The conservation of the Archimedes Palimpsest is undertaken by Abigail Quandt, Senior Conservator of Rare Books and Manuscripts at the Walters Art Museum in Baltimore. Her first priority was to ensure the continued safety of a very fragile historical document. Her second priority was to prepare the manuscript for imaging. This entailed disbinding the manuscript, as the under texts run through the gutter of the book. Work on disbinding the manuscript started in February 2000, and finished in November 2004.
The Disbinding Process
When the manuscript was deposited at Christie's for sale, it lay loose in its binding. For the purposes of safe handling the book was given a conservation binding, that kept the leaves secure between its boards, but which did nothing to alter the original construction.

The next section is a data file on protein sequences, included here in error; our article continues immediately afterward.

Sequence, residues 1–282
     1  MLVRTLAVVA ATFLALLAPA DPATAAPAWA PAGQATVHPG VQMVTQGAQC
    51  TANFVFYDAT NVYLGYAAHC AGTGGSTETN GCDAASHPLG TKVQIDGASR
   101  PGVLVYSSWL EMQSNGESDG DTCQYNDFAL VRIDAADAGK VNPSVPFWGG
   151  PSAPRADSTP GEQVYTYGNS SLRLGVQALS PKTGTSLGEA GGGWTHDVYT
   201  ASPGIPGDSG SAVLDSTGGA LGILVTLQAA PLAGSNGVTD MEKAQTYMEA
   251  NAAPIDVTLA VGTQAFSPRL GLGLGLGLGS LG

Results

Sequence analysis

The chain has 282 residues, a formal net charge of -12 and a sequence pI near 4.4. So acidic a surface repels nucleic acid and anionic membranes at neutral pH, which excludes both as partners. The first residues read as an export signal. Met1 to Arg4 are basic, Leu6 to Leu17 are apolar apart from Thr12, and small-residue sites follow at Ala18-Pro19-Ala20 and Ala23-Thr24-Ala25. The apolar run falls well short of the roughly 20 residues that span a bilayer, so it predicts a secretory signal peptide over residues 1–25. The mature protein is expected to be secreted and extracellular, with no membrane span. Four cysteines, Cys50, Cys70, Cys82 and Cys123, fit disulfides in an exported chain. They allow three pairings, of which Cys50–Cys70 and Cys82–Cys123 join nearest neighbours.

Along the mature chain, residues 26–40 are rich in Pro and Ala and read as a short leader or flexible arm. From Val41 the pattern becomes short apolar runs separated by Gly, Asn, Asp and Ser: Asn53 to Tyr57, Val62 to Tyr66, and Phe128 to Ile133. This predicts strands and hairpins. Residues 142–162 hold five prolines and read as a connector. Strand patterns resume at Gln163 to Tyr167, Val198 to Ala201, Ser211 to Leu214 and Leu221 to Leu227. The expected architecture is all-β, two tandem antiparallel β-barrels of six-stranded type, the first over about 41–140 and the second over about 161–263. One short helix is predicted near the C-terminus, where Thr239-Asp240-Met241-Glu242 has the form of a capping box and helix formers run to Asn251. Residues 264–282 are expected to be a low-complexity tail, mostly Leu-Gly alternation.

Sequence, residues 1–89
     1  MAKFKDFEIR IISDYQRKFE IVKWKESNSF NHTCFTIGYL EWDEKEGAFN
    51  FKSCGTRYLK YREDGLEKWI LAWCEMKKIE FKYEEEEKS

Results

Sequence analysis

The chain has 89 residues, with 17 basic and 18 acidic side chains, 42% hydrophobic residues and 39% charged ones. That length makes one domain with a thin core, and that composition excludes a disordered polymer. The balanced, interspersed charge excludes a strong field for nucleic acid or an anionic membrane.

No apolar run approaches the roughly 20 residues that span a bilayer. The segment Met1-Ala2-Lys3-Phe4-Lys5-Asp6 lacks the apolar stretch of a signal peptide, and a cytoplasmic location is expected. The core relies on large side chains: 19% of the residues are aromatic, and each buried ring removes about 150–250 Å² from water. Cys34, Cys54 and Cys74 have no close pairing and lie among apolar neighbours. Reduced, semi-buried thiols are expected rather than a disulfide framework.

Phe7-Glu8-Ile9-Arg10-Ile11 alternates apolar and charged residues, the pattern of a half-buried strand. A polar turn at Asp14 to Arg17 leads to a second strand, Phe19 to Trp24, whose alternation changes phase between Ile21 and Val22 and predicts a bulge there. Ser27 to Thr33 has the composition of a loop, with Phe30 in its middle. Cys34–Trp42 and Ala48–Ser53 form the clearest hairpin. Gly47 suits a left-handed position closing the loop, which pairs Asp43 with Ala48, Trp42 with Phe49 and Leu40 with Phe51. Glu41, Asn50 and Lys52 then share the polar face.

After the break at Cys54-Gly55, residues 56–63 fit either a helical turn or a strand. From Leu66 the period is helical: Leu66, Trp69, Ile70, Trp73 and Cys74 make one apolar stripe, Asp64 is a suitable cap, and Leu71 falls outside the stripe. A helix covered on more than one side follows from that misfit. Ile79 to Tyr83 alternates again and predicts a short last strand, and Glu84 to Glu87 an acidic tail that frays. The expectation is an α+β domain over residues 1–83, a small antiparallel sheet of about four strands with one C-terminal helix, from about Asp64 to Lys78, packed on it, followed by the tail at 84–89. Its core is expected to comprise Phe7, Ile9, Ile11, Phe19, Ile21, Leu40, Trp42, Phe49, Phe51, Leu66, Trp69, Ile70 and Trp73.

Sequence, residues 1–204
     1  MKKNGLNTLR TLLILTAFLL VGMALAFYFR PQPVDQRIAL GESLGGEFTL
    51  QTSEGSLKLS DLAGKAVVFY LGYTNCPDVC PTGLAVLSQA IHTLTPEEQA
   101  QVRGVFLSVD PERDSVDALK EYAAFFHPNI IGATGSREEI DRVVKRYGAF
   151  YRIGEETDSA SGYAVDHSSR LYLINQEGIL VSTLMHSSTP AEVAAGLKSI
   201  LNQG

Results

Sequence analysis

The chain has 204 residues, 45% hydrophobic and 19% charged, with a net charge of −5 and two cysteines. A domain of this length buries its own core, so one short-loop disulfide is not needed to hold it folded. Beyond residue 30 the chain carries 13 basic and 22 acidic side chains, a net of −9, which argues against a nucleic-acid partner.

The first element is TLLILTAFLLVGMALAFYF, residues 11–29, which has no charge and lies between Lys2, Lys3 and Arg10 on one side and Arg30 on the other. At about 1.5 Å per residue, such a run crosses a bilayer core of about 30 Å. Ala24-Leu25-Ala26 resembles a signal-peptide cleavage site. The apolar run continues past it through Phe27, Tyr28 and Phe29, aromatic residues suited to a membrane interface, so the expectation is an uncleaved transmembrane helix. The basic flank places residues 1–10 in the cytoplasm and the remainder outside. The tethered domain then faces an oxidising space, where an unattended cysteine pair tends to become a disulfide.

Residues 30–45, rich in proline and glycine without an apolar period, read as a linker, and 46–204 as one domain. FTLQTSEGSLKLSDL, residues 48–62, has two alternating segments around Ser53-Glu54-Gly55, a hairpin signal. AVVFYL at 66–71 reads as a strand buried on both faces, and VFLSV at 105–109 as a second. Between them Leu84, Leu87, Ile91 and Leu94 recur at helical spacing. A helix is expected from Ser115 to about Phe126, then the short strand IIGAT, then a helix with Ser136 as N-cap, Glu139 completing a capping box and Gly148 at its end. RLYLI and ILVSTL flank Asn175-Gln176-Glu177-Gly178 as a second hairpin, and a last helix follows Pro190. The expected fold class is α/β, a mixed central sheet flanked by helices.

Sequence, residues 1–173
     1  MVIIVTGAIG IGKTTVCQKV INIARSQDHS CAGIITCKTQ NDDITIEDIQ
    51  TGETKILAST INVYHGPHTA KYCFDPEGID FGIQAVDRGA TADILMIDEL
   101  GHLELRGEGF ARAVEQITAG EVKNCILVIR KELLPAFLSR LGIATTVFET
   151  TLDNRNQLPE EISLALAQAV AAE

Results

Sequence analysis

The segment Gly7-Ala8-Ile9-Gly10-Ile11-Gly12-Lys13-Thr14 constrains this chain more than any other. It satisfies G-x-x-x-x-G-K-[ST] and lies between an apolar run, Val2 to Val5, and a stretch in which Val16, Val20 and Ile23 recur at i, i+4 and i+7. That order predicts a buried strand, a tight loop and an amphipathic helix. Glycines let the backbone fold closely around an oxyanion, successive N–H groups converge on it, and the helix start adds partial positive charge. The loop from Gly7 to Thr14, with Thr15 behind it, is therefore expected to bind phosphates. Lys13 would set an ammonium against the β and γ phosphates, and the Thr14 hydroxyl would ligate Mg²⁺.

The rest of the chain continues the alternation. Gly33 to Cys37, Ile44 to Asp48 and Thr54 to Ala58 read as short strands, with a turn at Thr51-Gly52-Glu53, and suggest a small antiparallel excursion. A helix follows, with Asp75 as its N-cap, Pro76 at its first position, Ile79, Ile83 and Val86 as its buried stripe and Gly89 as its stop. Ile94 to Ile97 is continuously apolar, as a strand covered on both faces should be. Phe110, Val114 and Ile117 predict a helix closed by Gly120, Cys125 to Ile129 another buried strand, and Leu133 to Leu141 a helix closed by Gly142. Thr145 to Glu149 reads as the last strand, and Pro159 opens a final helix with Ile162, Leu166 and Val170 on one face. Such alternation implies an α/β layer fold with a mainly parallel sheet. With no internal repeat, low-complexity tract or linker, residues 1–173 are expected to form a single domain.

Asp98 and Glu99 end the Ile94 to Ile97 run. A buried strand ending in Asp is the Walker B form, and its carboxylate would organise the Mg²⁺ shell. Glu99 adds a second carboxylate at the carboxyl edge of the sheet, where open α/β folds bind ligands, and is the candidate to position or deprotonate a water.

Having disassembled the modern construction, and having revealed the structure of the spine as it was before the sale at Christie's, Quandt could begin to separate the quires in the manuscript from each other.
This has been the principal challenge, and the main reason why the disbinding of the manuscript has taken such a long time.
Once separated, the leaves had to be prepared for imaging. One of the first tasks was to discover the chemical in the parchment, and to discover how stable, or unstable, the manuscript actually was. This work was undertaken by the Canadian Conservation Institute, which has provided expert advice throughout the project. Here you see a core sample, the size of a pinhead, taken through the manuscript.
Here are some of the procedures that Quandt undertook on the leaves, illustrated with snapshots.
Unfolding damaged areas to reveal text. Pages of the manuscript were particularly fragile at the margins an in the gutter of the prayer book. Sometimes the parchment needed to be carefully unfolded to reveal areas that were subsequently imaged. In the illustration below, Ms. Quandt works on a small damaged area in the gutter. You see the area before treatment, during treatment, after treatment, and under ultraviolet light. The last image makes clear the Archimedes text, running vertically down the page.